For myself, I’m behind the game enough to have a long, long time before I’ll run out of things to do. I’m thankful for that. And, unlike many, I really don’t mind the grind. So, I wish the author the post. Give it some time. Relax and try out some warmer waters for while. From my own experience, I can say that you’ll probably never get that “feeling” back the way it once was. But you’ll find fun again, if you want it.

The “One Kinship” Promotion and the Underlying Problem

Big Mouth Billy Bass (noun): A mechanical rubber bass that sings and dances on command.

Big Mouth Billy Bass (noun): A mechanical rubber bass that sings and dances on command.

Turbine recently began their “One Kinship to Rule Them All” promotion. This, like so many other programs, always makes me feel like a Billy Bass just one or two steps before he hits the taxidermist. I’m swimming happily along and then bam! Hook in the cheek. Next thing I know, Jeffrey Steefel is dropping me into a bucket laughing like a madman in baby blue waders.

Yes… give me your money, Billy Bass. Sing for me – sing niiiiiicely.

I love how they do this. These little promotions do a lot to form a sense of connection with the community. If they do nothing else, they reflect an awareness of the players and a devotion to the game.

This program is aimed at getting kinships to open up recruitment to new players. This is an area that many people agree needs addressing. It can be hard to find a good kinship in LotRO, especially so if you’re looking for something specific. I’ve seen many forums posts from newcomers complaining that they can’t find a kin to be a part of and, as a consequence, lack a sense of attachment to the game that such groups bring. The grind seems grindier and the pace seems slower than “that other game” they probably came from.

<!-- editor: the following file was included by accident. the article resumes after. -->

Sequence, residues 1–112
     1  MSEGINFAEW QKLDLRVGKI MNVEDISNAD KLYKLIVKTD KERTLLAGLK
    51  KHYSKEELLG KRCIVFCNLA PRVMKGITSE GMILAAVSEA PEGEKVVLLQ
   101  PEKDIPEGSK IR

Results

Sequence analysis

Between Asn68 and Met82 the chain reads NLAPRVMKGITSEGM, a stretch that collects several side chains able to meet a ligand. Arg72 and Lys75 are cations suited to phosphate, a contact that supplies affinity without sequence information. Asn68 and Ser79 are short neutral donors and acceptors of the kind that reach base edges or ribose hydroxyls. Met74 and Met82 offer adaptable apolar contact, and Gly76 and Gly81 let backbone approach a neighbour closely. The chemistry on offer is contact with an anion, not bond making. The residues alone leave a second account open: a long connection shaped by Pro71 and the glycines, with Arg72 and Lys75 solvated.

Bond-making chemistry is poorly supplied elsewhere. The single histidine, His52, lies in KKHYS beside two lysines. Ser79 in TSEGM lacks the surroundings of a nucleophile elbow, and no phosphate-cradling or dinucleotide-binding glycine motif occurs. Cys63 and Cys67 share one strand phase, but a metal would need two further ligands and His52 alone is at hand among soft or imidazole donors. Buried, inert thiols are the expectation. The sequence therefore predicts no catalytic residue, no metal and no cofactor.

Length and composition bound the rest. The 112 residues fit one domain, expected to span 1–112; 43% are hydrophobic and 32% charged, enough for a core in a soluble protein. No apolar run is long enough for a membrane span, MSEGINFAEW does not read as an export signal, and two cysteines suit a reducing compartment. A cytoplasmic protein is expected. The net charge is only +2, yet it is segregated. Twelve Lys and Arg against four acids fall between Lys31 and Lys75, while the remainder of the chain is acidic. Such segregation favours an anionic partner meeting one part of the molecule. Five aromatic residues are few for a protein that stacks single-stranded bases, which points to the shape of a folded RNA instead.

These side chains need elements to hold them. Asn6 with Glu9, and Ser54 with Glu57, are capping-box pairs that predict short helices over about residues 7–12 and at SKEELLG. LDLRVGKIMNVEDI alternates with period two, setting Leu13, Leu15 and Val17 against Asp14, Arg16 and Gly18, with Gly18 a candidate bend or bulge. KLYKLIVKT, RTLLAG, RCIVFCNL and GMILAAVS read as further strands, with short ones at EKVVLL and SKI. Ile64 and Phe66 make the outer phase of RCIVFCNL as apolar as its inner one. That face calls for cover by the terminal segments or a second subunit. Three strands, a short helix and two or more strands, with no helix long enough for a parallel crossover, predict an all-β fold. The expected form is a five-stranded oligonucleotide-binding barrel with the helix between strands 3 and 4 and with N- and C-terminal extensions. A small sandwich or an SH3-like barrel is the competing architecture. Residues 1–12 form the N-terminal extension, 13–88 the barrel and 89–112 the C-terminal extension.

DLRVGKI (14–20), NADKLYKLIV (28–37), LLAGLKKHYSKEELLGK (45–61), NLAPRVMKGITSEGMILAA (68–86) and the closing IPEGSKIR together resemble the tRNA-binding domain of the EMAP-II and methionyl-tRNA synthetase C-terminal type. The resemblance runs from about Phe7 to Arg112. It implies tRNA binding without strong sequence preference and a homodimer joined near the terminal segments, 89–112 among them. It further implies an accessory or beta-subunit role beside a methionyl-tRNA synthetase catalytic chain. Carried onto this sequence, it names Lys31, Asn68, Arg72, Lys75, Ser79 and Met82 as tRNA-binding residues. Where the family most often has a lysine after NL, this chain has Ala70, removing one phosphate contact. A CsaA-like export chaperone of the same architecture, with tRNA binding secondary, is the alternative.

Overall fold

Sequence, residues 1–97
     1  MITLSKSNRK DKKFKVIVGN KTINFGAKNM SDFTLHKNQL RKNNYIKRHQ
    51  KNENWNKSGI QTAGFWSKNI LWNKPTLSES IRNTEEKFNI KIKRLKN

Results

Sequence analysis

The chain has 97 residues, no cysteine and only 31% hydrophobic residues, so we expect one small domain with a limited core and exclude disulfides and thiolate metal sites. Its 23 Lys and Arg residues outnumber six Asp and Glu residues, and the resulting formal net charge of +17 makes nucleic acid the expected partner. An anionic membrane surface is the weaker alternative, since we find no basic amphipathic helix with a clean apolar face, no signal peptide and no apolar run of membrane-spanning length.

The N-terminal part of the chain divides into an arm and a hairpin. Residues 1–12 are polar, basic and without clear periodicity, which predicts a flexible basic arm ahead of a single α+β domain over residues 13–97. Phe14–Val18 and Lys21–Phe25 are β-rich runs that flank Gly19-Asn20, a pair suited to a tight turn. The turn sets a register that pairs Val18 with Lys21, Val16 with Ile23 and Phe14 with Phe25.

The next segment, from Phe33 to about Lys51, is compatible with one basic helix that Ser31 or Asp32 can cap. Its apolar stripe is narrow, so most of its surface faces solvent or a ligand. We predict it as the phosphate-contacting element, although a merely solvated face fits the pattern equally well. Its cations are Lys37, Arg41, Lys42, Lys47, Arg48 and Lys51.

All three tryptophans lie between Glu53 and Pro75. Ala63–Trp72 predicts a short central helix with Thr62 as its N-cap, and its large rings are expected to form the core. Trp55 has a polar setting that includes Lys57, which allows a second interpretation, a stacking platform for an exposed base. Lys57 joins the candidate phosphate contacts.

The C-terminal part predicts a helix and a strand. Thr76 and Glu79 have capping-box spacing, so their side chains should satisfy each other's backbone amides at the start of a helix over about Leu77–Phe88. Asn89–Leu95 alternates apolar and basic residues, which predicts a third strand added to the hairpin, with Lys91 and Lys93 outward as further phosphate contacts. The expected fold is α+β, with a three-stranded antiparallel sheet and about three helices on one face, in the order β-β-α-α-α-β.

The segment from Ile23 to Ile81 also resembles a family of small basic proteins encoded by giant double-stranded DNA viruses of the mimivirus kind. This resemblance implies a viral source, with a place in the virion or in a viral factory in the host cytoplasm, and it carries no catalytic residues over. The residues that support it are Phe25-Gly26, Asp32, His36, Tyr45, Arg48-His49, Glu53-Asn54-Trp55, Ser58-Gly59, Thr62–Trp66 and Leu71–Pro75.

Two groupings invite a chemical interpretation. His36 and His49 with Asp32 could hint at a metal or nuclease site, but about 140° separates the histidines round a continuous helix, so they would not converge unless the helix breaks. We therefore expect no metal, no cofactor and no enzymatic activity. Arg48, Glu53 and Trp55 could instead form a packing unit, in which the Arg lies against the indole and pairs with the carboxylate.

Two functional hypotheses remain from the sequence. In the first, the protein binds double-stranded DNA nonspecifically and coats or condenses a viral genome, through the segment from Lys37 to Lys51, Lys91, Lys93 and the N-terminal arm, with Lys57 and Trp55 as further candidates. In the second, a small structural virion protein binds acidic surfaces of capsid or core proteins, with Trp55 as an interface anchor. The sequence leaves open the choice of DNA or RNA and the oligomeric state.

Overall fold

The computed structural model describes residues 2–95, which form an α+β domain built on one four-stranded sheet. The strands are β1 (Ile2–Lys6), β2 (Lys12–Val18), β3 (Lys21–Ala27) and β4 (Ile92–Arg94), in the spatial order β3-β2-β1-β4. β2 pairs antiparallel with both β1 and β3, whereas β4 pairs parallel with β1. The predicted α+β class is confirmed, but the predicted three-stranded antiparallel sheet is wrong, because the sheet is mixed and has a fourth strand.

This program is tailored specifically to answer those people’s concerns. Kins don’t earn any brownie points (no soup baked goods for you!) for recruiting level 60s during this time, they earn credit by accepting those that have been created only recently. So, newcomers and alternates alike will benefit. This kind of thing has been sorely needed and should help the lost and lonely out there quite a bit. Likewise, it should help make Billy Bass out of the older player base as well by encouraging them to roll a new character. Some of those players tottering on the edge of burnout may well find the game brought back to life with the advent of that new character.

A promotion like this is indicative of a larger issue, however. Why is it so much harder for people to find matching kinships than on other games? Is it the smaller population, the reliance on chat? Or is it that the forums are a primary recruiting tool and only the minority of players even visit them?

Whatever the reason, that is the central issue that needs addressing. While this promotion may be good, it’s only a temporary fix. A band-aid, if you will, until the developers break out the Hydrogen Peroxide and really clean up the wound.

Come on, buddy. You know you want to subscribe.

Come on, buddy. You know you want to subscribe.

Honestly, I think an in-game message board could do a lot to help fix the problem. It’s a feature that was common during the days of MUDs and I don’t know why it disappeared. Since most people won’t see the official forums, why not bring pieces of that to them? The content of the posts could be an issue, I suppose, but I’m sure that there are content filters that could be put in place to help address that issue. Hell, with a little organization, a message board could be put in place reminiscent of the Auction House. Looking for a kin? Alrighty, switch to the kinship tab. Looking for an event? Social tab.

There’s just one possible solution. For the time being, I’m happy that Turbine is aware of the difficulty the new players are having. MoM was huge for getting people’s attention and bringing “fresh meat” out onto the fields. If we can teach them how to sing, maybe they’ll let us hang em on the wall too. Now, who wants to sing some blues?

The Key to Our Community

Frodo: Hey guys, let's go to the Prancing Pony. I wanna get my AR-PEE on, lol. Sam: I dun know what you're talkin' about Mr. Frodo but we'll find your harpy, and this Lul fella too!